Lord increase Our Faith, 2ND OCTOBER 2016
There is really no “ordinary” time for the Christian. Yet, especially in times of extraordinary pressures, when challenged to go even further, we may often be moved to pray, hopefully if not desperately, “Lord, increase our faith.” We merely want to be equal to the challenge. There is timelessness about the message that pervades today’s readings, and that message touches on the ordinary as well as the pressured moments of our lives. Habakkuk, the author of 2 Timothy, and Luke all conspire to impress upon us the tireless courage demanded of the disciple over the long haul, despite opposition.
Likewise today, we, like Habakkuk, experience great difficulty taking seriously the challenge to entrust our lives to God. Sometimes arrogance, but more often plain common sense inhibits our real conviction that God cares so deeply and loves so surely that anxiety is unnecessary, useless and even contrary to faith. But, even in the face of oppression and violence the prophet insists, the vision has its time, presses on to fulfillment and will not disappoint. The apparently intimidated Timothy has much the same message: three times his mentor reminds him that strength lies in God: God has bestowed… has given, that strength comes from God. The future makes us fearful but the past testifies to God’s fidelity. The Christian need not seek security elsewhere but in God, source of all hope and strength.
Not only is the future unknown, but the Christian has been promised a share in the sufferings of Christ and this much we can count on (cf. Phil 1:29, for example). Nearing Jerusalem, the place that Jesus himself characterized as the killer of the prophets (cf. Lk 13:34), the disciples seem to sense its dangers and somewhat desperately ask for an increase of faith, Jesus seems almost oblivious to their problem, saying first that quantity is irrelevant and secondly that the disciples” expectations of reward are misdirected.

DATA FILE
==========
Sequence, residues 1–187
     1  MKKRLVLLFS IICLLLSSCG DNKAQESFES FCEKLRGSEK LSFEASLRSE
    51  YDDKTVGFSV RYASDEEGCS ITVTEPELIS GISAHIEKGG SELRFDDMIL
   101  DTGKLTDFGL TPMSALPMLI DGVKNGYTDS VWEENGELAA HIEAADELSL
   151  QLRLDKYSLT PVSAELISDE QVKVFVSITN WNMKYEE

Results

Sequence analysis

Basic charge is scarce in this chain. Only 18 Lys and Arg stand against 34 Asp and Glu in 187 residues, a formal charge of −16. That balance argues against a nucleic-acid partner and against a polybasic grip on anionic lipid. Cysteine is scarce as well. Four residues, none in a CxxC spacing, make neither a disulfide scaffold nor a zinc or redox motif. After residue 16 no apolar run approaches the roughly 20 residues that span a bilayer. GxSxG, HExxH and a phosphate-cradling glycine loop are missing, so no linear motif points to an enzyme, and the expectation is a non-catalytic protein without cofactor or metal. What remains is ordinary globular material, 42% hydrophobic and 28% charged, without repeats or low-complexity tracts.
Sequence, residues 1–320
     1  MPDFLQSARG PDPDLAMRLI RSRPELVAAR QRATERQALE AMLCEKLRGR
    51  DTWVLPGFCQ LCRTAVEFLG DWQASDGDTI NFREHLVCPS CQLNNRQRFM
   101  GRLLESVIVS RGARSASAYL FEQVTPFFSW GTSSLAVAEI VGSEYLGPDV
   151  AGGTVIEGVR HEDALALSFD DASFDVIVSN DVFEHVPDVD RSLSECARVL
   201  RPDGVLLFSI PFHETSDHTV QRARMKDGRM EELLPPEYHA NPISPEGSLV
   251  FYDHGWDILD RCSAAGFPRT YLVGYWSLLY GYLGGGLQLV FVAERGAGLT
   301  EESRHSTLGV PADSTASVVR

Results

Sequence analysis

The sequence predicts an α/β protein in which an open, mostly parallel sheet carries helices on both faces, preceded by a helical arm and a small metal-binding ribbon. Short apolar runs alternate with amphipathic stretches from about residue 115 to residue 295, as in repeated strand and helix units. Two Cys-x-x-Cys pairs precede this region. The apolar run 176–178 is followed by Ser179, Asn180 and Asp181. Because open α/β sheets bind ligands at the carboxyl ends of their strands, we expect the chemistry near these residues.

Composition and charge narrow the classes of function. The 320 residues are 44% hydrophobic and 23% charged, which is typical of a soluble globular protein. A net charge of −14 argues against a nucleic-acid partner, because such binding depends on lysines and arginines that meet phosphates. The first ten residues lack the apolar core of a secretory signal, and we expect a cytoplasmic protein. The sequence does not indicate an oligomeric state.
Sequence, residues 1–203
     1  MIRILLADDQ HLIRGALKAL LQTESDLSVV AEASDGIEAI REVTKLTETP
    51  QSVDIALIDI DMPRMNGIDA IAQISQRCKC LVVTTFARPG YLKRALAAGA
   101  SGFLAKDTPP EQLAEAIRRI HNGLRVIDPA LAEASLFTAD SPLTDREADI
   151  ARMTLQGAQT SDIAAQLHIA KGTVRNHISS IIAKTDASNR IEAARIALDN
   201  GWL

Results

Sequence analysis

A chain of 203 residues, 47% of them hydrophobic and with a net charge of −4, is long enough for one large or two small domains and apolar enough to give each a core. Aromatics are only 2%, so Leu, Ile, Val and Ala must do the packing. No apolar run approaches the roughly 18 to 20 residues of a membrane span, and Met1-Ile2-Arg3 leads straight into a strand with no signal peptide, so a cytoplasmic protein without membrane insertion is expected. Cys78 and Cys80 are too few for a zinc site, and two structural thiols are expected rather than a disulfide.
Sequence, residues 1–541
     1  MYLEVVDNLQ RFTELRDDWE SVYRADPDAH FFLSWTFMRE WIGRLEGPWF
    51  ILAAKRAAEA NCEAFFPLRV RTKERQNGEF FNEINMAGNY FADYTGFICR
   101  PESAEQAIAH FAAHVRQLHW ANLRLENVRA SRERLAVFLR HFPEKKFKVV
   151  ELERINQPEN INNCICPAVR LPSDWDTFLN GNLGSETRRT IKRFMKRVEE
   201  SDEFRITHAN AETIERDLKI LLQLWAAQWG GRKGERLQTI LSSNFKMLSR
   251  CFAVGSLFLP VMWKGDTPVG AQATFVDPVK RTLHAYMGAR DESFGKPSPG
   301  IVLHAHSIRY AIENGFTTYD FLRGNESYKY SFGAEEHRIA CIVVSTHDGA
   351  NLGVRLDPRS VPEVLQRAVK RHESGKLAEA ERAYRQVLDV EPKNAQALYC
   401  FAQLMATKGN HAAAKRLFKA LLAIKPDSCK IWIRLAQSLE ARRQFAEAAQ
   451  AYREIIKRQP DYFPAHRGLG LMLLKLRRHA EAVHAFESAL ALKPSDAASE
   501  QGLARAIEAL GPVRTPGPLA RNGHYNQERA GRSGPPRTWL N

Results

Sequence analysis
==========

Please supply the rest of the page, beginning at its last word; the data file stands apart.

As usual, Jesus’ method of speaking in parables both reveals and challenges. A parable provides an example taken from common experience but not without a strange and arresting twist. The impatience of the prophet, the timidity of Timothy and the fearfulness of the disciples are to be contrasted with the studied attentiveness, almost passiveness, of the servant whose only purpose is to “wait on” the Master as he sits at table.
We all get tired of waiting. It is difficult – increasingly so – to be patient. And not only is the delay unnerving, but the forces of oppression seem to be gathering strength and prophets cannot help but wonder, “How long, 0 Lord?” (cf. Hab. 1:2; also Is. 6:11). Which introduces another timeless dimension: namely, that of suffering? Suffering is a mystery, especially when we consider its positive and apparently fundamental role in the Christian life. And it can be not only mysterious but even offensive. Folly to the Greeks and a stumbling block to the Jews (cf. 1 Cor. 1:23), the cross of Christ represents a challenge to both reason and faith. Although it may take many diverse forms, suffering is neither abstract nor vague. The faithful remain patient, hopeful, courageous and dependable even in the midst of all the threatening and adverse forms that suffering can take.
Today Paul tells Timothy to fun into flame the gift God gave him when he became a believer. Very often we are full of love when we turn to Christ, but during the time that we see little progress we become discouraged and lose our first love. We must fun that first love, into flame, because if we persevere and are faithful, the expectations of our first love will come through even if it looks impossible as the transplanting of mulberry tree into the sea.
BY: FR. RAPHAEL HESSAH